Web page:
South Korea produces first dual-purpose used fuel cask for U.S. customer

June 8, 2022, 7:01AMRadwaste Solutions
SeAH Besteel’s Gusan plant in South Korea. (Image: SeAH Besteel)

Orano TN Americas and South Korean special steel maker SeAH Besteel last week announced the completion and delivery of the first dual-purpose used nuclear fuel dry storage cask manufactured for a U.S. utility by the Korean company.

Following Orano’s purchase order in September 2019, SeAH Besteel established a mass production system for Orano’s dual-purpose casks in compliance with U.S. and international nuclear standards. Orano TN Americas is a subsidiary of France’s Orano NPS.

What did I do wrong? Or, “What did we do wrong?”

March 9, 2022, 3:01PMANS NewsSteven P. Nesbit

Steven P. Nesbit

Have you ever been punished for something you didn’t do? It happens to most of us on occasion while growing up, especially if we have siblings. It’s not the end of the world, and it teaches a valuable lesson: Life is not fair. Nevertheless, when it happens, it really rankles you.

The “issue” of nuclear waste provides me with instant recall of those unpleasant childhood memories. Commercial nuclear power plants have been managing low-level waste and used nuclear fuel safely and efficiently since the beginning of the nuclear enterprise. Industry is adept at minimizing, packaging, transporting, and disposing of LLW. Used fuel is stored safely and securely at reactor sites, awaiting disposal.

Forty years ago, nuclear power plant operators entered into contracts with the federal government. The deal was simple. The operators would pay the U.S. government a lot of money, and the government would pick up the relatively small amount of used fuel and dispose of it in a geologic repository, beginning in 1998. The money changed hands, but the used fuel never did.

Time to get serious about our energy future

August 18, 2021, 7:01AMANS Nuclear CafeSteven Curtis
(Photo: mik Krakow)

DISCLAIMER: The views expressed in posted articles do not necessarily reflect the views of the American Nuclear Society. The views expressed here are those of the individual authors. ANS takes no ownership of their views. The American Nuclear Society assumes no responsibility or liability for any use or operation of any methods, products, instructions, or ideas contained on this site.

It is hard to get anyone to agree on anything these days. However, it’s pretty safe to say that most of us want clean air to breathe and adequate energy supplies. It is difficult to see any current or proposed energy policy that brings us closer to that goal. In fact, over the past 15 years, we have not put a dent in our “carbon footprint,” despite the proliferation of “renewable energy” supported by staggeringly large subsidies. What is really puzzling, however, is the huge amount of subsidy money going toward fossil fuels when we are told that these have to be gone completely by the year 2050. Of $18.4 billion dollars in subsidies in 2016, 59 percent went to renewables, 25 percent went to fossil fuels, and 15 percent went to “energy efficiency.”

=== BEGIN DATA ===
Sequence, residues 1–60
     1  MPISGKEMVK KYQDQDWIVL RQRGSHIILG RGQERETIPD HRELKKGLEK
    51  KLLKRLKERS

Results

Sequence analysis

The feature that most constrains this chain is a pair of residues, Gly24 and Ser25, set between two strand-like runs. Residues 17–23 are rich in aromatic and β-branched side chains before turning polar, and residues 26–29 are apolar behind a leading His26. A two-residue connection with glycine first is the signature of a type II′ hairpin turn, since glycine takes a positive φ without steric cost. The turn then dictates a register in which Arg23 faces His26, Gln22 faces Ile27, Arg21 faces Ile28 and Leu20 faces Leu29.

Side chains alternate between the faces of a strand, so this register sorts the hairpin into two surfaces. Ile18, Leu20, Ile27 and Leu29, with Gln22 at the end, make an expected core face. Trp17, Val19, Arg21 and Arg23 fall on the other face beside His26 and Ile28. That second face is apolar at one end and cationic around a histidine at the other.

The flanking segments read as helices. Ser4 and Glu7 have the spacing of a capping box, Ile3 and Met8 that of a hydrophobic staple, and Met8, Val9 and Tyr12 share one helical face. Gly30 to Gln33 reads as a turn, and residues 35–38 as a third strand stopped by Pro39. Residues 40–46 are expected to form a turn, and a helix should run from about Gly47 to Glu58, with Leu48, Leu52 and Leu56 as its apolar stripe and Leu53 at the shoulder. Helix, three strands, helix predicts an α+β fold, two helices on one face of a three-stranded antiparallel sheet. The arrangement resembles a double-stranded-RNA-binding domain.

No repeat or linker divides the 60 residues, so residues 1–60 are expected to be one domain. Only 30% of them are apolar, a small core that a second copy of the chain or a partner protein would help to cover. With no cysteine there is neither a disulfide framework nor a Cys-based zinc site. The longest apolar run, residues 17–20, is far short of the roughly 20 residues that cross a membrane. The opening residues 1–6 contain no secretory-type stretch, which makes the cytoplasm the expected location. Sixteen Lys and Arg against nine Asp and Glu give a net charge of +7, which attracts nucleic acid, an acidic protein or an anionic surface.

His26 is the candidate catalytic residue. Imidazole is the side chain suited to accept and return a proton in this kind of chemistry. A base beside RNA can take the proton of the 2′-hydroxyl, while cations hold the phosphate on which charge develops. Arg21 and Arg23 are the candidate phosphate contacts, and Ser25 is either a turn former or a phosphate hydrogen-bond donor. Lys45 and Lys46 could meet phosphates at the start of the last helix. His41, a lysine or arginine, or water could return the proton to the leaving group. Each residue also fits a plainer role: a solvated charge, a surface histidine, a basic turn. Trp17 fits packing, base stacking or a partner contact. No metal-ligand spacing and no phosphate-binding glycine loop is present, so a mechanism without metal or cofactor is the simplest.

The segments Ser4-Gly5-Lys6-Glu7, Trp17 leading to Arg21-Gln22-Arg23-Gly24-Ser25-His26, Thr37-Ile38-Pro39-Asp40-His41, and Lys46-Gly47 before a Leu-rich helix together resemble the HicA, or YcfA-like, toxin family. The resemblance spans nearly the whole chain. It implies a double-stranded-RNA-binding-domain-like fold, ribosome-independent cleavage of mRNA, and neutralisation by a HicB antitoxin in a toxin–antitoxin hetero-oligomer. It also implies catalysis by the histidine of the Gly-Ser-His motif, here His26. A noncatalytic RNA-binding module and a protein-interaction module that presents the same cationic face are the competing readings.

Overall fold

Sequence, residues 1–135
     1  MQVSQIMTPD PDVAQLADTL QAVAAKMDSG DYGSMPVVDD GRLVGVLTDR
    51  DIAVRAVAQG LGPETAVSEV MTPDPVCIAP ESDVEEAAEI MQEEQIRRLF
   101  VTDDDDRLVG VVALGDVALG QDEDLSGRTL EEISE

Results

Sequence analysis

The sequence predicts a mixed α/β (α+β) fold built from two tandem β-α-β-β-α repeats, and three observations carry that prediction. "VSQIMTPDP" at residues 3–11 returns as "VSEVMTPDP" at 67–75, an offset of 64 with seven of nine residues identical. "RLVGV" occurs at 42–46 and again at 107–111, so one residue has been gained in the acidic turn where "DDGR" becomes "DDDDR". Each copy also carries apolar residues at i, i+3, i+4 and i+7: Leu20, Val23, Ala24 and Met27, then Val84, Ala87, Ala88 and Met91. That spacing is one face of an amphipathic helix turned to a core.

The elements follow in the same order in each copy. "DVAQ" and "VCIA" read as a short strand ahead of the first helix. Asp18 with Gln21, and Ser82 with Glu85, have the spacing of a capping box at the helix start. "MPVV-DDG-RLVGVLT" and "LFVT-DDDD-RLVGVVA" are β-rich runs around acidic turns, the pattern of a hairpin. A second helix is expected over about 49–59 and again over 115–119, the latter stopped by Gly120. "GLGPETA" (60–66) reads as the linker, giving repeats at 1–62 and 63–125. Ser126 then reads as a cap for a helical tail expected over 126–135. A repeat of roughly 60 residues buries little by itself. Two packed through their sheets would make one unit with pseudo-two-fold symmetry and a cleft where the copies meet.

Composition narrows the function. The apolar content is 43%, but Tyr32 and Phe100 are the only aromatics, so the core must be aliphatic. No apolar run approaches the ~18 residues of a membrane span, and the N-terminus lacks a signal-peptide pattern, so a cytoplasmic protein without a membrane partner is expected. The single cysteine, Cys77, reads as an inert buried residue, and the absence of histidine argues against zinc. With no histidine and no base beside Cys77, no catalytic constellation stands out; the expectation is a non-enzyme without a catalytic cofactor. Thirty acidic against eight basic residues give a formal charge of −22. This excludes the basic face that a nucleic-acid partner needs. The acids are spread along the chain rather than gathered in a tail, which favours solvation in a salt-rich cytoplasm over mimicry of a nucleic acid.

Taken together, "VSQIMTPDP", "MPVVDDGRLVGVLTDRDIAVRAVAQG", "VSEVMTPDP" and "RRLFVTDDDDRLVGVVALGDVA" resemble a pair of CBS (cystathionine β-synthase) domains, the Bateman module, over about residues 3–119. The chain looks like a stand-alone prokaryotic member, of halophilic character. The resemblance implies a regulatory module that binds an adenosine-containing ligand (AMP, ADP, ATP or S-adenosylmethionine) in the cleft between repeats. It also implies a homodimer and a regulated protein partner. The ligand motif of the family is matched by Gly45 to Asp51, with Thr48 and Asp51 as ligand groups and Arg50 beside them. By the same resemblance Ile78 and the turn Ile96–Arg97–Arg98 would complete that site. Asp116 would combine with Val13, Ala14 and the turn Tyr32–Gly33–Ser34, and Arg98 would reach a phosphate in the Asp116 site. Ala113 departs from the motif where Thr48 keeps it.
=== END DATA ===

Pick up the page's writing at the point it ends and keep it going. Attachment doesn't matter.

Stanford scholars: Breaking U.S. nuclear waste stalemate could be key to Biden’s climate goals

April 7, 2021, 12:00PMANS Nuclear Cafe
Dry cask storage at the closed San Onofre Nuclear Generating Station in Southern California. Photo: Southern California Edison

Saying they are cautiously optimistic that the Biden administration can change the U.S. trajectory on nuclear waste, some Stanford University experts have offered their recommendations on how it can be done in a recent Stanford news posting.

Searching for lost revenue from shut-down nuclear plants, NY law allows towns to assess waste storage

January 12, 2021, 9:29AMANS Nuclear Cafe

Indian Point nuclear power plant. Photo: Entergy Nuclear

Communities across the United States where nuclear power plants have been shut down face huge gaps in tax revenues, sometimes in the tens of millions of dollars. States such as New Jersey, Illinois, Wisconsin, and California are watching events in New York now that Gov. Andrew Cuomo has signed a new law that says cities can “assess the economic value of storing waste” on sites where nuclear plants once operated, as reported by Bloomberg.

House committee marks up Energy and Water Development bill

July 14, 2020, 2:52PMNuclear News

The House Appropriations Committee held its full committee markup of the Energy and Water Development bill on July 13. (The Bill Report provides a more detailed funding breakdown.) The final bill passed the committee by a party line vote of 30-21. No schedule for Floor consideration of the bill has been set, but it is likely to happen next week or the week after.

Beyond Nuclear appeals NRC decision on CISF

June 7, 2020, 4:49PMRadwaste Solutions

The antinuclear organization Beyond Nuclear has filed an appeal with the U.S. Court of Appeals for the District of Columbia Circuit requesting a review of the Nuclear Regulatory Commission’s decision to deny its petition against Holtec International’s application to build and operate a consolidated interim storage facility (CISF) for spent nuclear fuel in southeastern New Mexico.